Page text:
Searching for your student property can be stressful, which is why here at University Cribs we want to make this process as easy as possible. However, it is important to ensure that each of these areas are covered by your tenancy agreement before you sign on the dotted line, so that you know exactly what you are getting yourself in for.
Type of Contract
You will most likely be signed into a fixed term 12-month contract when signing for your student property, however, there are two main types of tenancy contracts you will be offered by your landlord. This will be described as either a ‘joint tenancy agreement’ or an ‘individual contract.’
A joint tenancy agreement means that everyone in your property is signed to one binding contract where they are responsible for property and rent payments collectively. If this is the case, ensure your housemates are trustworthy, or you could land yourself in some hot water. This could happen if one of your housemates decide they want to move out, as this wasn’t the condition you as a group agreed to. This could mean all tenants may be asked to leave the property if you can’t resolve the issue with your landlord, so pick wisely!
Alternatively, and more commonly, you will be given an individual contract. This means every tenant has their own agreement with the landlord if any issues arise. It is the responsibility of each individual (and their guarantor) to assure rent and property payments are made, and not anyone else.
As mentioned above, most students will require a student guarantor in order to secure a house. This is essentially someone who will end up responsible if you can’t make a rent payment. This is basically just to ensure that the landlord is covered if for a serious reason you missed a payment.
They will often have to provide various forms as proof of identity and sign a contract themselves as it is a lot of responsibility to be bound to a house where they are not living themselves. This is where it’s worth noting that this isn’t an option for them to help you if you splurge your student loan, this is simply assuring financial stability for the landlord of your house. You mustn’t rely on them as a source of finance unless you really have to.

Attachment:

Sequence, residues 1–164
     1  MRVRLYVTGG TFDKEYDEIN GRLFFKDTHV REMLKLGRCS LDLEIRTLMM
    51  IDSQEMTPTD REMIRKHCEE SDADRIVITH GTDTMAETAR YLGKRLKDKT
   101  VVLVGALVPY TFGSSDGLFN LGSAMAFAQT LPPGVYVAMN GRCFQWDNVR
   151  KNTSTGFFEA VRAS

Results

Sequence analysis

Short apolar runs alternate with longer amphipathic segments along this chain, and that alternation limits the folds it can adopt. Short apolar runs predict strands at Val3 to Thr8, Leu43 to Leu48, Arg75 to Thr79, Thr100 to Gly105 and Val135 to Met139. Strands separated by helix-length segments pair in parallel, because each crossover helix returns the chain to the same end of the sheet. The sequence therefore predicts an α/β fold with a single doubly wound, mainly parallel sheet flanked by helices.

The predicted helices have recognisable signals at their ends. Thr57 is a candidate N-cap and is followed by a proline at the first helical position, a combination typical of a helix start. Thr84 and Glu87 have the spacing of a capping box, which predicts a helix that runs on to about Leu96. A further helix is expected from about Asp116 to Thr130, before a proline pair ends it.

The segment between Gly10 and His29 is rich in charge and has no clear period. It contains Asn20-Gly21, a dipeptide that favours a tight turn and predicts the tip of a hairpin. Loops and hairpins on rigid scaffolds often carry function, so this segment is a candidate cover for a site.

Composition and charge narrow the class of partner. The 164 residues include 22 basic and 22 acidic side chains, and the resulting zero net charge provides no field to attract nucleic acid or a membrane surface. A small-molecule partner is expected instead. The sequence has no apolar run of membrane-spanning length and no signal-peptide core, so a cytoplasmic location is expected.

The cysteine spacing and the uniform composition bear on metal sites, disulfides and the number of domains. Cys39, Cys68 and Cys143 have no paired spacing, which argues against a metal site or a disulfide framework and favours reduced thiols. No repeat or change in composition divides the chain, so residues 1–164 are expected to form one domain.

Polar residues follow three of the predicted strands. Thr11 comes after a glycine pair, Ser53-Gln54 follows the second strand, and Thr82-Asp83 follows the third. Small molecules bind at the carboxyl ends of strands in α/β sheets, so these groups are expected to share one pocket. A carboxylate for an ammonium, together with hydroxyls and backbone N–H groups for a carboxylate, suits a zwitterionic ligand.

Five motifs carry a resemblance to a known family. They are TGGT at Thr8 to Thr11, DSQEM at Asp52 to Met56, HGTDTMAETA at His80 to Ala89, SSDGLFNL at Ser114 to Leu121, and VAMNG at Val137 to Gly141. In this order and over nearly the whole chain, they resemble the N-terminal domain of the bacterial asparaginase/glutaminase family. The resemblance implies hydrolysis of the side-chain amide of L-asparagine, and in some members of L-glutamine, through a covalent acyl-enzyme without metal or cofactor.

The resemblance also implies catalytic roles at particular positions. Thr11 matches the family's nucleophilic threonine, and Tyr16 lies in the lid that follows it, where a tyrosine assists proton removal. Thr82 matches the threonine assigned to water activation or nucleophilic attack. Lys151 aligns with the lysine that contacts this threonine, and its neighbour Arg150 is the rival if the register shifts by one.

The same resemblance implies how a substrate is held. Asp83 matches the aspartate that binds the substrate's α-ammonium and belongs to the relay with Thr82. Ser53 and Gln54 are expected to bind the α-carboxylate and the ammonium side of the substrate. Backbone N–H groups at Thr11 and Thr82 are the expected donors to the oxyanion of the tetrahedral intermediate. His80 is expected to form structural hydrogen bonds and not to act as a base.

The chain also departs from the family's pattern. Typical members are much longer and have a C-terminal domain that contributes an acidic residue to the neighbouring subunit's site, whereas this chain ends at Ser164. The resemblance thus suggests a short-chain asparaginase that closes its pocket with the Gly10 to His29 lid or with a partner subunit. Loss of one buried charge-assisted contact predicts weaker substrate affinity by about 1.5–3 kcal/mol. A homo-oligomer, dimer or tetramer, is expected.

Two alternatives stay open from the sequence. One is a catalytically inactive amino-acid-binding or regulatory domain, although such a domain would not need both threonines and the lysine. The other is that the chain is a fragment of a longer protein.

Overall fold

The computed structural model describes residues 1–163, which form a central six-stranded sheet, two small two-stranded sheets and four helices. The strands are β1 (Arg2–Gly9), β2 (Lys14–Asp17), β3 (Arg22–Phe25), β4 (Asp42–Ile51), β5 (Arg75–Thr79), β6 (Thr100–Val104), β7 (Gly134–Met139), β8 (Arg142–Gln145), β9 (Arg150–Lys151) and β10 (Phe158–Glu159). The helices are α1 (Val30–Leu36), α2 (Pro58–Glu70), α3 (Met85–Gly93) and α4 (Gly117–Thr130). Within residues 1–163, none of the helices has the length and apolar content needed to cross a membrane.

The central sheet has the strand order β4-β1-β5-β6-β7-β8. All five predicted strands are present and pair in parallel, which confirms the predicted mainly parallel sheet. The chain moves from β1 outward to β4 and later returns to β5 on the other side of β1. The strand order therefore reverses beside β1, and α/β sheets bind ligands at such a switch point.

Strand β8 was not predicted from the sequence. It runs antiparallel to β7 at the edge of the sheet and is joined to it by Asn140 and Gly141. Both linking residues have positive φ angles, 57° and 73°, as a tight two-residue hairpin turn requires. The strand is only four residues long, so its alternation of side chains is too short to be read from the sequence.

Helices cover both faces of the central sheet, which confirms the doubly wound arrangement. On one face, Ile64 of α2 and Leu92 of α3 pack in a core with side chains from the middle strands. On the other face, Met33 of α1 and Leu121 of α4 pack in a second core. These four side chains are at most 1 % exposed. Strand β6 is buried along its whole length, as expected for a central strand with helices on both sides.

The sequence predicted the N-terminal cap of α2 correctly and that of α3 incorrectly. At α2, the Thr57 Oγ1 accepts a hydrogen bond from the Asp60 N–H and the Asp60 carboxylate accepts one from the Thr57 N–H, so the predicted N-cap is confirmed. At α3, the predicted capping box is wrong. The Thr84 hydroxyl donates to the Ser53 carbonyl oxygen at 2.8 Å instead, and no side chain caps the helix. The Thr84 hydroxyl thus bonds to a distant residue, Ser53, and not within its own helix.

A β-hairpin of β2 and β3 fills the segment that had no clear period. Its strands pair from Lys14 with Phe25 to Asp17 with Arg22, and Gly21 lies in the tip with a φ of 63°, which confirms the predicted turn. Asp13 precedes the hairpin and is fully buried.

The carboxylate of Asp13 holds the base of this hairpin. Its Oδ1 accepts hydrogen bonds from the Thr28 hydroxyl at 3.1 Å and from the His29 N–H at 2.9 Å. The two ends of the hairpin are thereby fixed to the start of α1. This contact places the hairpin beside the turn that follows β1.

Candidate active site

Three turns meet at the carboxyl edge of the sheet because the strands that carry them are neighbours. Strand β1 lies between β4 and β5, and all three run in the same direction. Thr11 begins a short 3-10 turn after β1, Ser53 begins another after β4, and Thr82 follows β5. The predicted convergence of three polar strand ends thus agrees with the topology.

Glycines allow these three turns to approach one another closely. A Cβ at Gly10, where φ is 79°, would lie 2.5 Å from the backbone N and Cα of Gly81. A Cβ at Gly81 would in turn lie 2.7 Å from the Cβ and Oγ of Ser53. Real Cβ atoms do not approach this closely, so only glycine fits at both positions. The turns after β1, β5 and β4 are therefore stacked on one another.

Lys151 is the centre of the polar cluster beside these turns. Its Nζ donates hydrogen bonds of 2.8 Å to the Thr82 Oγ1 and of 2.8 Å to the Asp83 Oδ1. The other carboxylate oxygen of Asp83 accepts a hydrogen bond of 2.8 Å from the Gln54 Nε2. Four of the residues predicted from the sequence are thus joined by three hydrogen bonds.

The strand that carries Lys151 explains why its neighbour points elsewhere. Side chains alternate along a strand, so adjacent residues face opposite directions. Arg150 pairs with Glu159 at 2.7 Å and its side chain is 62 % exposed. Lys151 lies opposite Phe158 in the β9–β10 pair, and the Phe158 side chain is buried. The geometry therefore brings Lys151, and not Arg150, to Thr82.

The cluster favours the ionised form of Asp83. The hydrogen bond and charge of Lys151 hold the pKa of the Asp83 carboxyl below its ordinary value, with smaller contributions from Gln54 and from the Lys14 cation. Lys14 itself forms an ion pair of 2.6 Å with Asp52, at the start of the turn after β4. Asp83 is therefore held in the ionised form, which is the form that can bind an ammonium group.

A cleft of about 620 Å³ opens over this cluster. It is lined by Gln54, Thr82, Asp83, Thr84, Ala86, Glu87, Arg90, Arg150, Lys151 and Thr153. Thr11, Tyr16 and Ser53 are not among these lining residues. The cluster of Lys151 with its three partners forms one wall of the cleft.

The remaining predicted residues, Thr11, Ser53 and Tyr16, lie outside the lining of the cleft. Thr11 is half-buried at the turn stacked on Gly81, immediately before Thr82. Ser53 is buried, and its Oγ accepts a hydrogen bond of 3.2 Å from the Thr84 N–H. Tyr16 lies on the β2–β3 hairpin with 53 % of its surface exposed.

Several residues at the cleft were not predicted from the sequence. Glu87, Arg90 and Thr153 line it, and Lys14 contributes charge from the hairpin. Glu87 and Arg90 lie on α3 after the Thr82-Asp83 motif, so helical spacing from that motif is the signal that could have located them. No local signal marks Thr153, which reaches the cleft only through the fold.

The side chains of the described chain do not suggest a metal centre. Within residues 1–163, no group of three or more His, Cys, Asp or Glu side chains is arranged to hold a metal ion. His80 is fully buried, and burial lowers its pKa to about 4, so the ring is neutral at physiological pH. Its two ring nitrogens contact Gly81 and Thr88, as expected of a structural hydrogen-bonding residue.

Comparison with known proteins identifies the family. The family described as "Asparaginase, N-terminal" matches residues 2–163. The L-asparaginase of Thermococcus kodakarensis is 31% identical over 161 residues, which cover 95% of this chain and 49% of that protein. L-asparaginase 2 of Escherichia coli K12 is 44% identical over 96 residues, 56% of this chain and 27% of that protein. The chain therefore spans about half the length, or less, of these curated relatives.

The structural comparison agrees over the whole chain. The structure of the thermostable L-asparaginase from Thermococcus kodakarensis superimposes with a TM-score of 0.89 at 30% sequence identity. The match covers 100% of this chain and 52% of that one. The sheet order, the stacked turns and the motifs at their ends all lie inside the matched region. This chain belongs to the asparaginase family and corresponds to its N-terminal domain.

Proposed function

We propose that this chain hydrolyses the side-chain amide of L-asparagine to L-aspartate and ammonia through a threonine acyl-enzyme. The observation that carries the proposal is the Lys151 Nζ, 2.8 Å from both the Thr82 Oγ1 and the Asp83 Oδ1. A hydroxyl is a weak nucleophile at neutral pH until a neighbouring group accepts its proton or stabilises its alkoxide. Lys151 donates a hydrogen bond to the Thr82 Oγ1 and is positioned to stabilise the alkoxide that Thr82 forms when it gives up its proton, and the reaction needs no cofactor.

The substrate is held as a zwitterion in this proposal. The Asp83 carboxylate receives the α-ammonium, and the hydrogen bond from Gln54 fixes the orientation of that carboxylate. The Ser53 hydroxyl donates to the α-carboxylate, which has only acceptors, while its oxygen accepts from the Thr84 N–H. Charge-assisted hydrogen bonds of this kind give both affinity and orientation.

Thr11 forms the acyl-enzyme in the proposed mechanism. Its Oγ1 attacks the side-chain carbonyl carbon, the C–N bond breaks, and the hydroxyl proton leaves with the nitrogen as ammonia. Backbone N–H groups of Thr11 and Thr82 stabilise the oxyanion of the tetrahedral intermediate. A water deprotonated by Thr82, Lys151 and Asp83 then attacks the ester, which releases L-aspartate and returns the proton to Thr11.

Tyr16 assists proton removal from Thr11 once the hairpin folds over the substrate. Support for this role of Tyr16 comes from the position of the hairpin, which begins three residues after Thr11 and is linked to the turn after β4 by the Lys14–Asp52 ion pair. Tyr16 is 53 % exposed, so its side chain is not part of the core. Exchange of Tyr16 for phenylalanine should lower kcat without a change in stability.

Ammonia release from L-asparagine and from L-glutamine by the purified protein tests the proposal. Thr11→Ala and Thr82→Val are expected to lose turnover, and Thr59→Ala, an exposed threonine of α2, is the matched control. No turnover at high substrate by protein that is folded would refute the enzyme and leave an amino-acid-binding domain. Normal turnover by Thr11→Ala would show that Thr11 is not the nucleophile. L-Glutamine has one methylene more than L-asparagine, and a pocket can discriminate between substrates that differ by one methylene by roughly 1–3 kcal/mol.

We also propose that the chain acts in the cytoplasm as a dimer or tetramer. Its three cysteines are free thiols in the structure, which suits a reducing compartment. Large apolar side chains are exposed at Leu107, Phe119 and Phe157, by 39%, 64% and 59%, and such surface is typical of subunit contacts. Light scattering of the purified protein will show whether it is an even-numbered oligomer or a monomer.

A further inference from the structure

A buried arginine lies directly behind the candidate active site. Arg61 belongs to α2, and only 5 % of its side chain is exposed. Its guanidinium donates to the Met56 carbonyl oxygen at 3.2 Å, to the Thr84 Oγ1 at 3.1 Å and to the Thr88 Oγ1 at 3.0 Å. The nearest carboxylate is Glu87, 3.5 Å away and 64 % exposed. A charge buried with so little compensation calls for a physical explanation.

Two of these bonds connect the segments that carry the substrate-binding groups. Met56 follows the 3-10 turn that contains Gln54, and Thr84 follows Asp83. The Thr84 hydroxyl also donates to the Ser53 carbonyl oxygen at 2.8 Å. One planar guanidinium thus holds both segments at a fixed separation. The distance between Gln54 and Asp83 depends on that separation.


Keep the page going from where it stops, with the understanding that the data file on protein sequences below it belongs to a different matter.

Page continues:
Deposit Protection Schemes
Most student property agents will require a deposit in order to reserve a house to assure that the cost of any damages caused throughout your tenancy will be covered. This is usually around the cost of one month’s rent but differs in each city. It doesn’t have to be a bad thing, if you attempt to keep your property spick and span, you will be landed with a nice bit of extra pocket money at the end of the year when your loan has run out and you move home for summer, and rest assured that this money is safe under the DPS by checking your contract.
Ensure that the full amount is protected under a government backed deposit protection scheme, which must be registered by landlords within 30 days. Check that your landlord has signed you onto this scheme so that you won’t lose out at the end of the year.
Even if there are damages at the end of your tenancy, and with most houses there are, your deposit will remain in full within this scheme until an agreement is made between you and your landlord. If you have any disputes for reductions this gives you leeway to reason these so that charges aren’t taken unfairly.
Summer Holidays Rent Payment
Most houses will ask you to pay some form of rent over summer months, even if you aren’t occupying the house. If you aren’t planning on moving in until September make sure that this is the case, so you don’t have to pay lump sums of rent when you aren’t living there yet.
Your landlord might be willing to make arrangements if you speak with them, but make sure you have a look at these details before you sign up for a house.
When you move into your house your landlord has to list all inventory in the house and any minor damages which might be in place, so that you won’t get blamed for previous tenants wear and tear when you move out. Both you and the landlord will check off aspects of the house, which will be referred to at the end of your tenancy period. Make sure this is done as soon as you move in and take dated pictures of any damages in places so that you can demonstrate what was already there when you arrived.
The Nitty Gritty
Ok so your 20-page contract may not seem like the most compelling thing you’ve ever read, but make sure you go through the small print of the property.
Check for minor details such as; the start and end dates of your agreement, all tenants information is correct, the do’s and don’ts of living in this property, rent payments, and agreed repairs with the landlord.
Make sure that this is all set out in a way that you agree with before you sign so that you and your landlord won’t have any future disagreements about the dishwasher they promised but never replaced.